with Nils Vinje
“How To Create A High-Performing Team”
He is the only certified coach in the field of customer service who is exclusively focused on the growth and development of CS professionals and the author of the best-selling book the 30-Day Leadership Playbook.
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Tell us a little bit about yourself and your background and how did you become the only certified leadership coach focused on the growth and development of customer service professionals?
I have two deep passions in my world. One of them is the customer success discipline and domain, which is basically everything that happens post-sale in a B2B SAS business. So, the sales team will go out to sell deals and get new customers to sign up for annual contracts, $20,000-200,000 a year. And then the customer success organization is responsible for partnering with those customers working with them, making sure they get value. Ultimately, renewing and expanding their annual contracts.
This is an area I have deep expertise, and having been a practitioner myself, rose up through the ranks, up to the VP level, and then for the last seven and a half years have been focused as a consultant working with all stages of companies – early-stage, gross stage, scale stage, public-private, Fortune 100s even, helping them build world-class customer success organization. So that’s the one side of my world.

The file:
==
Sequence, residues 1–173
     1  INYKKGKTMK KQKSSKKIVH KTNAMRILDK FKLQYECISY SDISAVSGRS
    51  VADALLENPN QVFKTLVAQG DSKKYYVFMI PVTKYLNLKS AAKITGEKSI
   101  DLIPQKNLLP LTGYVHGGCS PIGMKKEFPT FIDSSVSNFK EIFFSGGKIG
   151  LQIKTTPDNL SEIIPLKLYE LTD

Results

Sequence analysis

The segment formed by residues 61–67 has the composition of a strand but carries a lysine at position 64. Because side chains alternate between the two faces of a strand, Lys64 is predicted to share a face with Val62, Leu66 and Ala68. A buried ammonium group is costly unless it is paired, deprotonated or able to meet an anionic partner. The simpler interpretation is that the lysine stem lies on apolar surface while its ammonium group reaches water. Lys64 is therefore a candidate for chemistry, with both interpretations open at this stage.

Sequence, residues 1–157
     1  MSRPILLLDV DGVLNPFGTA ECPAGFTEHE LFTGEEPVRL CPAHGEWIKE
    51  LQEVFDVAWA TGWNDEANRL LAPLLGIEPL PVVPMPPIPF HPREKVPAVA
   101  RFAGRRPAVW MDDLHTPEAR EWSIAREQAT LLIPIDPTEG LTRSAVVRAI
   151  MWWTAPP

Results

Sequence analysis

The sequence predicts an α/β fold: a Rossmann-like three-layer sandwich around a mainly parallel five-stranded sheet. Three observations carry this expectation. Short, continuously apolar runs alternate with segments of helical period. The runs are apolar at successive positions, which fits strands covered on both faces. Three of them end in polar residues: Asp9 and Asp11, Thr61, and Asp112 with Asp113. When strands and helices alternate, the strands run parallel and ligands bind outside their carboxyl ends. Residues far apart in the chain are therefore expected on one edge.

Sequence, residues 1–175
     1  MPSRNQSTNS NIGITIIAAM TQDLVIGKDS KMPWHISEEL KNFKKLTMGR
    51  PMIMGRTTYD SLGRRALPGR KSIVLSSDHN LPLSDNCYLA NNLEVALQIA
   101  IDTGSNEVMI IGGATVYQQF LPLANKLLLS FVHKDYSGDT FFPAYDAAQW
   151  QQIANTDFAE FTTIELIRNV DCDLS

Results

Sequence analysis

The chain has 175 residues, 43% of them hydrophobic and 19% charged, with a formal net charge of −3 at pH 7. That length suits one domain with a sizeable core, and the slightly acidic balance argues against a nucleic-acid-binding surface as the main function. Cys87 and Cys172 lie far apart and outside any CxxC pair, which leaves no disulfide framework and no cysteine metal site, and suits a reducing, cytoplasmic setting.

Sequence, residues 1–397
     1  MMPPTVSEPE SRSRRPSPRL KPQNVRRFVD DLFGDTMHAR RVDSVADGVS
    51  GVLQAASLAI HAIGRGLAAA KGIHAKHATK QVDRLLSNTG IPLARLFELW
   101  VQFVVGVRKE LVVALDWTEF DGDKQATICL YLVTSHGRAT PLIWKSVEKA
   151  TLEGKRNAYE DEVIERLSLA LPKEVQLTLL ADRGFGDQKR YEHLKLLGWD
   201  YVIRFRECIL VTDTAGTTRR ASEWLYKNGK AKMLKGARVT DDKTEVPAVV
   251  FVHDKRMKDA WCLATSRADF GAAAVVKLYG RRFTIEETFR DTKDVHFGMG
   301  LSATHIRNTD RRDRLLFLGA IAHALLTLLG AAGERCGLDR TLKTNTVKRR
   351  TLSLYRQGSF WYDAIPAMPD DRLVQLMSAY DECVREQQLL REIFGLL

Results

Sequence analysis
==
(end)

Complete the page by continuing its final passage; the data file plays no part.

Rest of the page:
The other side is the leadership, coaching side of my world, and I’ve been a leadership coach for the last 10 years. I really focused for the first eight or nine years of that working one-on-one with my clients, spending thousands of hours, helping them solve real leadership challenges and problems they were going through. Then I wrote the best-selling book called “30 Day Leadership Playbook” and kind of took all of my expertise and all the tools I had coached people through, used myself as well, and put them into this book and this framework, I call them the four pillars of leadership.
I offer for your listeners to grab a free copy of the digital version of my book. Go to 30dayleadership.com/book, just drop in your email and we will send you a free digital copy right away, and you can get access to the content of this book. So, on the back of the book then, for those, there were a lot of people that wanted to go deeper and wanted to work more. I decided to abandon the one-on-one coaching model in favor of a group-based approach where I could provide access to the tools and techniques that I have used and developed. Some of which I talk about in the book and some of which I don’t and many of them go a lot deeper because it just can’t in the book.
Then I pair that access to training with live coaching with me. And so I get this beautiful blend of providing tools that can be integrated into everyone’s life and then supporting them on a coaching basis. We do this in a group-based format so that we’re all in this together and everybody is making progress every single month in developing their leadership skills.